Creating a Positive Workplace Culture

Culture is the environment that surrounds us all the time. A workplace culture is the shared values, belief systems, attitudes and the set of assumptions that people in a workplace share. This is shaped by individual upbringing, social and cultural context. In a workplace, however, the leadership and the strategic organizational directions and management influence the workplace culture to a huge extent. A positive workplace culture improves teamwork, raises the morale, increases productivity and efficiency, and enhances retention of the workforce. Job satisfaction, collaboration, and work performance are all enhanced. And, most importantly, a positive workplace environment reduces stress in employees.

Here are seven tips that can be used to build a work environment where the team can thrive:

1. Begin with gratitude.

It is a privilege, not a right, to work together. Begin each week with a 15-minute all-hands team meeting where the first item on the agenda is team kudos. Giving people a vehicle to express appreciation for one another in a public forum raises the morale of the entire group, establishes a positive tone for the week and helps people feel acknowledged and valued. Starting with gratitude in any professional situation sets the intention of appreciation, which will permeate throughout the organization.

2. Create a safe environment.

There is nothing more damaging than toxicity in a professional environment. It stifles new ideas and inhibits collaboration. Creating a safe work environment means eliminating negative personalities and respecting every idea--whether it's from an intern or a tenured senior team member. Lead with honesty, integrity and vulnerability to help your employees feel safe.

3. Don't leave your dirty dishes in the sink.

This metaphor essentially means, "Don't leave a mess for someone else to clean." There is nothing more frustrating than picking up a project where someone left off to find that files are missing, the work is a mess or someone saved a crucial document to their desktop moments before boarding a flight for a two-week vacation. Not leaving a mess is the functional interpretation, but the emotional definition is, "Respect everyone's time." If someone has to duplicate your efforts or take time away from their daily responsibilities to hunt for a missing document, you are basically saying you don't care about their time. Time is our most valuable currency. When we aren't respectful of our colleagues' time, we are contributing to a negative workplace environment.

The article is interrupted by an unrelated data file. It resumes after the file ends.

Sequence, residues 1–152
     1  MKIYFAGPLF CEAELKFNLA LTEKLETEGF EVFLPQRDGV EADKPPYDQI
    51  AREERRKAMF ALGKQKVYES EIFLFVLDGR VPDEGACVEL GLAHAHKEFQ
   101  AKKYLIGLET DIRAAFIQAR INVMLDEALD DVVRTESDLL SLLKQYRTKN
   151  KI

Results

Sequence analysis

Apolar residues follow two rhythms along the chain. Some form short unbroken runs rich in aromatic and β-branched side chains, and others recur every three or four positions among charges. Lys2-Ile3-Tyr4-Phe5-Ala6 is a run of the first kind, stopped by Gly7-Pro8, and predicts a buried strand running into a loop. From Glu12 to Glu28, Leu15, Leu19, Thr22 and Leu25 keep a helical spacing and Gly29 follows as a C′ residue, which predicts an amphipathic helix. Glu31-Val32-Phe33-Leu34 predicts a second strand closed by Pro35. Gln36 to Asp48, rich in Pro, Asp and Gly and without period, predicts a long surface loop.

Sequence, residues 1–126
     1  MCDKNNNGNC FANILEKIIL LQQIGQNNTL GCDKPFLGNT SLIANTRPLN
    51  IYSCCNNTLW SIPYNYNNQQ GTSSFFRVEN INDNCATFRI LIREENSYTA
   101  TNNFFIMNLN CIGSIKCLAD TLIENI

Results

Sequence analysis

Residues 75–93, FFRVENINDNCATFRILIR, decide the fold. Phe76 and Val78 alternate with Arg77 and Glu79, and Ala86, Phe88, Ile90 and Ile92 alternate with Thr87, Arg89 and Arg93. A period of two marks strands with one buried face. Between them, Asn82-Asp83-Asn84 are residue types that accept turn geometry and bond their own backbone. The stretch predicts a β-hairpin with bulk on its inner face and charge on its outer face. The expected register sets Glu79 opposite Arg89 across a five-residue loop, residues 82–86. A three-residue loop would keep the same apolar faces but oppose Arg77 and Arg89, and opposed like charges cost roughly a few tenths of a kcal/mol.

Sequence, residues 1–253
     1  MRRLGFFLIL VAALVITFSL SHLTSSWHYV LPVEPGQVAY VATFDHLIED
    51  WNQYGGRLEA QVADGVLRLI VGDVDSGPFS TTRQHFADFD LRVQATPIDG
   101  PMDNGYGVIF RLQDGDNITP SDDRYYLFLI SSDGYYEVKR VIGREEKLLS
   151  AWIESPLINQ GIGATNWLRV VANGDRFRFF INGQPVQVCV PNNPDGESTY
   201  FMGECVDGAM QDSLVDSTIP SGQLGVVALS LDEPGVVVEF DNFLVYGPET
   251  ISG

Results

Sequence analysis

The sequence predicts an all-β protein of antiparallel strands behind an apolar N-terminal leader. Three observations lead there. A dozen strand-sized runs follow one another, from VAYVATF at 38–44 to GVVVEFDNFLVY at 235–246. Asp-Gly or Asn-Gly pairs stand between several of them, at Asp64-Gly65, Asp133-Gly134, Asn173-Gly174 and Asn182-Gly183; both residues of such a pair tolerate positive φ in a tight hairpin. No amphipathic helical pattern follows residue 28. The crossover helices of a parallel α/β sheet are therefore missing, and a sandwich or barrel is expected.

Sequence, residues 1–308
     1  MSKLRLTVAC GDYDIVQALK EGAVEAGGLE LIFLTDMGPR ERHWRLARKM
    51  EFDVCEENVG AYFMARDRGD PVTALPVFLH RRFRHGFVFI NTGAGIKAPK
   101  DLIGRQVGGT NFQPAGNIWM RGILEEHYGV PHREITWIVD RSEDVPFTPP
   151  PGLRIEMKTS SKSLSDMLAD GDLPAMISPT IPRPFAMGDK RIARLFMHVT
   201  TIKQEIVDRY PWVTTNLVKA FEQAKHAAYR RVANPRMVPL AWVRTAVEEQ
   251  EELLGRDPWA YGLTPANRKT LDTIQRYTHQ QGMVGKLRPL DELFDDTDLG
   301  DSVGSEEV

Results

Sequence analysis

4. There are only opportunities in business, not problems.

When emotions are high and stress levels skyrocket, even the smallest workplace issues can seem like towering boulders. I tell my team that what we're experiencing isn't a problem; it's an opportunity to reflect, analyze and evaluate so that next time--and there's always a next time--we'll do better. Making your team smile by bringing perspective to the situation can quickly lighten a very emotionally charged room.

5. Consistency is key.

There are so many new trends in company culture: flex hours, team building, open workspaces, unlimited paid time off, bringing pets to work--and the list goes on. It's easy to be tempted by what may seem like worthwhile workplace perks or try to replicate what competitors are offering. However, the same tactics don't work for every company. Although change can be healthy, disrupting a good thing can be detrimental and affect the cultural balance of your organization.

6. Encourage positive thinking.

Life is short. Why waste time on negative behaviours that don't align with your business' moral compass? Even when things seem to be spinning out of control or we didn't achieve the result we anticipated, positive thinking will eventually cultivate positive outcomes. Setting weekly, monthly and yearly positive intentions as a group will help to align your team and ensure that everyone is facing toward the same North Star.

7. Don't sacrifice the important for the urgent.

It's easy to punt team one-on-ones for an urgent client call or meeting, but that connection with your team is crucial to maintaining a positive workplace culture. As the leader, you are the cheerleader of the company and the glue that binds your organization together. Without regular connection to your people, the mission, vision and energy of the business can quickly dilute and degrade your cultural fibre. It's okay to reschedule; just don't let important conversations get replaced by urgent demands and deadlines.

Dependability, structure, clarity and meaningful work are all ingredients that, when combined, can culminate in a solid foundation for a positive workplace.

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